Tourist isn’t a dirty word in North Adams, Mass., a slice of the Berkshires that sightseers and explorers have traversed for centuries, from the Native Americans who fished and traded in the Hoosic River Valley, to 1910s motor-car drivers taking in the scenery from the sinuous Mohawk Trail, to modern culture travelers viewing installations by Sol LeWitt and James Turrell at Mass MoCA. Indeed, the business of welcoming visitors is the linchpin of North Adams’s ongoing economic revival, its escape route from the hollowed-out fate of so many other Massachusetts mill towns.
So it felt only natural that the partners in a new, forward-looking hotel here decided to call it, simply, Tourists. Opened this past summer, Tourists has the bones of an old-fashioned roadside motel but the design sophistication and sense of place of a lifestyle resort. “We wanted to build something that was part of the place,” says lead partner Ben Svenson, who also designed the property. “So when you’re there, you feel like you’re connected to both the ecological and cultural roots of that particular piece of dirt.”
Svenson, a self-described building geek whose firm is acclaimed for its adaptive reuse projects, was looking for investment opportunities in North Adams’s stock of 1890s-era structures but landed instead on the Redwood Inn, a rundown mid-century motor lodge on the highway to Williamstown. He and his partners—who include Wilco bassist John Stirratt, local brewery owner Eric Kerns, Brooklyn magazine founder Scott Stedman, and chef Cortney Burns (an alum of San Francisco’s Bar Tartine)—then acquired adjacent lots, ending up with a 60-acre parcel straddling the Hoosic River. The property will eventually include a network of hiking paths that connect to the Appalachian Trail and will repurpose several existing buildings: An 1813 rooming house will host live music and cocktails, and, as of next spring, a century-old Welsh temperance hall will house Burns’s restaurant, Loom.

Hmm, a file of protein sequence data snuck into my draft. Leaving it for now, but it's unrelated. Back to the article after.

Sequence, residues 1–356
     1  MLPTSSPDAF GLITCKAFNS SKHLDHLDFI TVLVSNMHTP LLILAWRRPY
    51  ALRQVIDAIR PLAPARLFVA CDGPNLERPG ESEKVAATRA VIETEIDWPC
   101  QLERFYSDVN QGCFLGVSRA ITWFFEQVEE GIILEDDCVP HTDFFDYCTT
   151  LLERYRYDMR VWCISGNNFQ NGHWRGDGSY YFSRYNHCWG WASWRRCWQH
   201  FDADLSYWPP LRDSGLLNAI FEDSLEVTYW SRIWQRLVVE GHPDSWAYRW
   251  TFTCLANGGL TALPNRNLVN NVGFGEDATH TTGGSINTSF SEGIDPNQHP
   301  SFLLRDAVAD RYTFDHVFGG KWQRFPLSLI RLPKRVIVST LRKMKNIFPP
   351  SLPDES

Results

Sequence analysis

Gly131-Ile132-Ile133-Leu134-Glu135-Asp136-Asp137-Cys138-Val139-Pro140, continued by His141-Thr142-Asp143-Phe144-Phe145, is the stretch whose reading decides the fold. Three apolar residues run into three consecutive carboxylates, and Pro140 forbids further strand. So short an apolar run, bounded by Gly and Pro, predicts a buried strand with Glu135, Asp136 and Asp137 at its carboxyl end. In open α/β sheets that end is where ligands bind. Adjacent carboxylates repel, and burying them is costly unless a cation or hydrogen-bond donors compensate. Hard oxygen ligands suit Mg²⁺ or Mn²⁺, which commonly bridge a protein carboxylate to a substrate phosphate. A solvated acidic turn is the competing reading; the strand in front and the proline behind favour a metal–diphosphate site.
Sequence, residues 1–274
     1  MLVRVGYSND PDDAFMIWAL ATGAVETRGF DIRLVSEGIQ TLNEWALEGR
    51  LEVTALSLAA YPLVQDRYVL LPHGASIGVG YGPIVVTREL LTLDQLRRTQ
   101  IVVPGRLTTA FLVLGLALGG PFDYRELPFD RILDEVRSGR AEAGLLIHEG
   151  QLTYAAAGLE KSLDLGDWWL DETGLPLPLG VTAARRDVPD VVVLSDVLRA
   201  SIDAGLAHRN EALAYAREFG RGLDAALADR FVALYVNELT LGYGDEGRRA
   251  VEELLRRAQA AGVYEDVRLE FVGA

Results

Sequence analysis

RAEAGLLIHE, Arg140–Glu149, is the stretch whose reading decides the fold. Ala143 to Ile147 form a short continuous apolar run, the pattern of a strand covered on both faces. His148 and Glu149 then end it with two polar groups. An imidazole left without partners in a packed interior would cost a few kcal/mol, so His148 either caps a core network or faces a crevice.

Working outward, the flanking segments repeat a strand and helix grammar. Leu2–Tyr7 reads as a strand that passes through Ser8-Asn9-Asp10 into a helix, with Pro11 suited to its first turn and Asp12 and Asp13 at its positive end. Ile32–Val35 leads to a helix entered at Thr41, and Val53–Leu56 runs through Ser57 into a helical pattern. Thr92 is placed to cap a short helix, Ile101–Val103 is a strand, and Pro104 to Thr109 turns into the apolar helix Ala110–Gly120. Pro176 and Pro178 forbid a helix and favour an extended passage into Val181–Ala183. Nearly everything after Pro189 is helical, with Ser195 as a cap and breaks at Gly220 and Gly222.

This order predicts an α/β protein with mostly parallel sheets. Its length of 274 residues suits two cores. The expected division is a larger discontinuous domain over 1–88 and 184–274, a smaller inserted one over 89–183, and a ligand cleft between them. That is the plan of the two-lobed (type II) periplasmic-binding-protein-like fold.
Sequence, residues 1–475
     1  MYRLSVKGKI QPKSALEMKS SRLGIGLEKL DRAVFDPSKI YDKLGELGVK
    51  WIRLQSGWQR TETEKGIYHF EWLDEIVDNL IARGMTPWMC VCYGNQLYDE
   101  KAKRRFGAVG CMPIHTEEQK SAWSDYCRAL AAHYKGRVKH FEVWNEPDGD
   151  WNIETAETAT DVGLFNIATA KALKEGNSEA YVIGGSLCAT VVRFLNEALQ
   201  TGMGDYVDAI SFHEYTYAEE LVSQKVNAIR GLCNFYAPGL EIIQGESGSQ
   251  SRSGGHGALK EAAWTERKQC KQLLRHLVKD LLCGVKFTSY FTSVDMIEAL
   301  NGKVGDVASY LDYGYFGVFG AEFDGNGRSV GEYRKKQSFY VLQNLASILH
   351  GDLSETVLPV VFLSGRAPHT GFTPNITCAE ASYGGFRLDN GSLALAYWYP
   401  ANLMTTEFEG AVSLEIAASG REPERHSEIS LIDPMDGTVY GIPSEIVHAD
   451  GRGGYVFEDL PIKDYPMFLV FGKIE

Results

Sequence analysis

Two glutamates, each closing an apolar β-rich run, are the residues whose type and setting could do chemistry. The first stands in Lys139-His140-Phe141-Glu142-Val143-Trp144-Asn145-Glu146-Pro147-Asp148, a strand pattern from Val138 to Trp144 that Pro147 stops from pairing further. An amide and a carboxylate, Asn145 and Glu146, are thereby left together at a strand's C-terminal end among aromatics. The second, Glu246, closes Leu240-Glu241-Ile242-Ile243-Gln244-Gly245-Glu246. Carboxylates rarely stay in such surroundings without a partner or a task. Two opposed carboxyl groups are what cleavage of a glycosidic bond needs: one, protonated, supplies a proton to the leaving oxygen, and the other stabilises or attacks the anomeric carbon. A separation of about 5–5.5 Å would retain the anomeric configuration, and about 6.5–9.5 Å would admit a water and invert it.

The main hotel buildings are mostly new builds, with a look that’s refreshingly spare but still feels organic and connected to its surroundings. Svenson was inspired by Sea Ranch, the quasi-utopian community of redwood-clad houses on California’s Sonoma Coast, and he and architect Hank Scollard stuck to simple structures and natural materials, arranging the site to prioritize nature. The rooms comprise a U-shaped complex of long, shedlike cabins clad in untreated local white oak, with large picture windows and patios overlooking the river, forest, and subtle landscaping by the firm Reed Hildebrand. Interiors are pared-back—lots of plywood and poured concrete—but airy, thanks to vaulted ceilings and built-in window seats. Decoration is limited to a few vintage postcards on the wall and colorful woven rugs (Julie Pearson, formerly of Austin’s Spartan Shop, supplied the soft goods.) “The only visual interest is what’s out the window,” Svenson says. “We tried to prioritize the landscape as the work of art, and not try to compete with it.”
As for actual art, the area has plenty of that on offer. In addition to Mass MoCA, whose 2017 expansion nearly doubled its exhibition space, Tourists is within a short drive of the Clark Art Institute, which unveiled its own expansion by Tadao Ando and Annabelle Selldorf in 2014; and the well-regarded Williams College Museum of Art. And there’s more to come: Thomas Krens, the former Guggenheim director who had a hand in establishing Mass MoCA, recently unveiled ambitious plans to create new cultural institutions in North Adams, including the Extreme Model Railroad and Contemporary Architecture Museum (yes, both in one) designed by Frank Gehry and planned for 2020, followed by a motorcycle museum by Jean Nouvel, and a museum of time by Gluckman Tang.
“There’s a decided uptick in North Adams,” says Joe Thompson, Mass MoCA’s longtime director, of the town’s accelerating fortunes. In the past 18 to 24 months, he says, “artists and artisans are moving to town, plus people interested in food and micro-agriculture.” He also sees a demographic shift: It’s not just the gray-haired Tanglewood and Jacob’s Pillow set coming to the Berkshires nowadays, but younger couples looking for a variety of experiences—an invigorating morning hike, a challenging bit of contemporary art, a farm-to-table dinner. With the arrival of Tourists, this corner of the Berkshires will become a destination for a new generation of, well, tourists.